State Commissioners Ask EPA for Stricter Vehicle and Fuel Standards

 

Environmental commissioners from several Northeast and Mid-Atlantic states say that a federal plan to cut tailpipe emissions would improve public health, particularly in cities plagued by traffic congestion. 

In a letter sent last week , the state commissioners asked Lisa Jackson, the U.S. Environmental Protection Agency Administrator, to quickly propose and finalize so-called " Tier 3 " emissions standards, a blueprint for cleaner burning cars and light-duty trucks, along with new rules for low-sulfur gasoline.

"Despite a significant and sustained joint state and federal effort spanning more than 40 years, air pollution remains a serious public health threat in our region and across the United States," wrote commissioners from Connecticut,  Maryland, Massachusetts, New York, Rhode Island, Vermont and Washington, D.C. "Clearly, Tier 3 and low sulfur gasoline is needed to better protect public health."

The EPA began drafting the program in 2008, but the agency has yet to propose it. The slow-moving process has stirred anxiety within some environmental circles.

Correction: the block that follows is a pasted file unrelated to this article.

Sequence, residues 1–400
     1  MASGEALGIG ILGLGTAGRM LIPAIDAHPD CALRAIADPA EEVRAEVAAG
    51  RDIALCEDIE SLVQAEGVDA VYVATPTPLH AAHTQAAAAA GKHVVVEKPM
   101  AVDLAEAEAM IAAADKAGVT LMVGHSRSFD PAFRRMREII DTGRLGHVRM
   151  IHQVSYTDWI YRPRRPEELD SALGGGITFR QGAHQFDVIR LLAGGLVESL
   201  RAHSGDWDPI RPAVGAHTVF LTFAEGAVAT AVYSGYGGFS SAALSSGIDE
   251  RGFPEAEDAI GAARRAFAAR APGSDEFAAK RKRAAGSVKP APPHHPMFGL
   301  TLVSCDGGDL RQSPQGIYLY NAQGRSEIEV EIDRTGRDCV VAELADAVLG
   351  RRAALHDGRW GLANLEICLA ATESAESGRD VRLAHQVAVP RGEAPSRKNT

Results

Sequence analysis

The standards would cut sulfur levels in fuel by a factor of three. That could reduce smog-forming emissions by almost 500 tons per day across the eastern U.S., according to a study by the Northeast States for Coordinated Air Use Management, a nonprofit association of air quality agencies. The standards also would cut the release of fine particle pollution into the air, along with chemicals such as benzene and formaldehyde — each of which are linked with heart and lung disease.  

Those reductions would help states comply with federal air quality standards that would otherwise prove costly to reach, the commissioners wrote.

The resulting cleaner air, the commissioners wrote, would improve health, especially among those living in highly-congested cities where air pollution is most intense. That could amount to millions saved in health-related costs. An EPA data tool estimates the rules would have an annual net health benefit of $235 million to $1.2 billion across the Northeast and Mid-Atlantic.

The EPA has said it would base vehicle manufacturing standards on those in California. Last week, the California Air Resources Board unanimously approved a package of standards that the board says will cut greenhouse gas emissions 34 percent by 2025 and reduce smog-forming pollution by 75 percent. The rules require that 15 percent of new cars sold in the state by 2025 run on electricity, hydrogen or hybrid technologies.

The EPA has not yet responded to the commissioners' letter, an agency spokesperson told Stateline . "We are still working on the rule," she said in an email. The spokesperson did not respond to questions regarding the program's timeline.

The program does have critics. Earlier this month, a group of six U.S. Senators expressed concern in a letter to the EPA that Tier 3 regulations would increase gas prices while threatening jobs at 147 U.S. oil refineries. 
 

 
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